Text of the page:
The land for the town site north of Topeka, Kansas was purchased by legislator H. D. McMeekin and laid out in November 1854. A public sale of lots was held in June 1855, before the town company had been chartered. It was incorporated by the Bogus Legislature of Kansas Territory that year.
A post office was established on December 21, 1855.
The town was comprised primarily of pro-slavery people who were often at odds with Topeka residents who wanted Kansas to be a Free State. Samuel J. Reader was a sergeant of the Indianola Guards, a local militia group that supported the Free-State cause. On August 30, 1856, pro-slavery supporters caused an incident and the local militia was brought in to prevent fire and theft. Although it was called the Battle of Indianola, there was no fighting.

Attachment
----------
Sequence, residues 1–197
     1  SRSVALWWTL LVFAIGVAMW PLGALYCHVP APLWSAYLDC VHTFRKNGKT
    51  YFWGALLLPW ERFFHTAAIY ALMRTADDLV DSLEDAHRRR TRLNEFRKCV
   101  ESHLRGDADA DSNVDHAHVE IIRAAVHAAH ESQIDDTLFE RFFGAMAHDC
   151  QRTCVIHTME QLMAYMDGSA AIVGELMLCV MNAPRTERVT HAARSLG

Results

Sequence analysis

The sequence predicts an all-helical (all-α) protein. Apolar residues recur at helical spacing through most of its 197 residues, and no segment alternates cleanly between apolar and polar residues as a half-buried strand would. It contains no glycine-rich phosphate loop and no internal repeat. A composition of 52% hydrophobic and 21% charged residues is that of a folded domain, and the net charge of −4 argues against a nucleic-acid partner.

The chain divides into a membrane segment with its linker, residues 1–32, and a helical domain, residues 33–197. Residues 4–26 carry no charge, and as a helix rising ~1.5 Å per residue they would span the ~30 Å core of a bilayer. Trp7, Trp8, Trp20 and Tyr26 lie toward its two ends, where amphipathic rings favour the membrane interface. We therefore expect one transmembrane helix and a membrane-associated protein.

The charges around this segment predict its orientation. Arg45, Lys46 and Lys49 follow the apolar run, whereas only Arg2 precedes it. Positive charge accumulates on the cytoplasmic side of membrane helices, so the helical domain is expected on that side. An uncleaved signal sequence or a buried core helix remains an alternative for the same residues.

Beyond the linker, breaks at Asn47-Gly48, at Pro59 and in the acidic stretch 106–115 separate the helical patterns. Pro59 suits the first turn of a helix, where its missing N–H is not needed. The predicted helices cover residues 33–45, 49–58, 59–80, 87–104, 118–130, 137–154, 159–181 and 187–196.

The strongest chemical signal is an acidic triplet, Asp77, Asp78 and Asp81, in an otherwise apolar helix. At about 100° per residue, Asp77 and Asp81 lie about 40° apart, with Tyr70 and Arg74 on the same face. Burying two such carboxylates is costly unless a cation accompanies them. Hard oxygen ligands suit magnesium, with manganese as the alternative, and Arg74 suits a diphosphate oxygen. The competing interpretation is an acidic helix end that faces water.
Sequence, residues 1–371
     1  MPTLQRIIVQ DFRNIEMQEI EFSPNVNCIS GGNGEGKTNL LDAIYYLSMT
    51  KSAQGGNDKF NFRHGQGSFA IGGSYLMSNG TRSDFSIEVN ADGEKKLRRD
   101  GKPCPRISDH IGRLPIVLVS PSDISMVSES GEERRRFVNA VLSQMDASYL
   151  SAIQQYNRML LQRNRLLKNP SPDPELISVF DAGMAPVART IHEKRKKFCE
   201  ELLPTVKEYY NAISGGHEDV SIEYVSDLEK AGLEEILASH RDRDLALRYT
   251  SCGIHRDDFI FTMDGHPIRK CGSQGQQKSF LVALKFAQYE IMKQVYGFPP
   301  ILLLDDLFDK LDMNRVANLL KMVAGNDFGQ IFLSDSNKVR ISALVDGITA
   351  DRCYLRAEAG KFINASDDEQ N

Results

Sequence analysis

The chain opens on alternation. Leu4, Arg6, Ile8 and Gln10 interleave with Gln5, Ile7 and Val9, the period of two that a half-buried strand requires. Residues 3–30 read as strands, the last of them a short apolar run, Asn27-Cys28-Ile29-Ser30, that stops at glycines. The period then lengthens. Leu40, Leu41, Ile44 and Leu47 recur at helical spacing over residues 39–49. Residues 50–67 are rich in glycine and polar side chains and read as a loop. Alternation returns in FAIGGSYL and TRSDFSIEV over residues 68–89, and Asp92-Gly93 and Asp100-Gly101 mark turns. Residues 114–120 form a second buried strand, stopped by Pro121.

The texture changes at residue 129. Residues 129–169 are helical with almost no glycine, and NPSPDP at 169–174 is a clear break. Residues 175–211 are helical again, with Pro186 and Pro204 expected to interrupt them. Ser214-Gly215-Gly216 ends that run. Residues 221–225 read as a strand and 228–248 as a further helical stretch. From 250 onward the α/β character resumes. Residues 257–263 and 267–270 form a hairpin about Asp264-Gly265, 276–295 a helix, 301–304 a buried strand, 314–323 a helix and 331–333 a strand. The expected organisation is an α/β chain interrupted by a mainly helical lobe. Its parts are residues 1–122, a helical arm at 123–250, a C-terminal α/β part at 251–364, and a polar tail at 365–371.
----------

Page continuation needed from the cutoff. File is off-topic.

In its early years, Indianola had a good frame hotel and other buildings were erected, and the town achieved a degree of prosperity,
Once the Civil War began, Company F of the Fifteenth Kansas Cavalry was recruited in the town to fight for the Union Army and many Indianola residents joined. In the next years, Indianola was overshadowed by Topeka.
After the Kansas Pacific Railway built its railroad line through Topeka in about 1865, residents began to move away from Indianola.
The post office closed on December 29, 1868.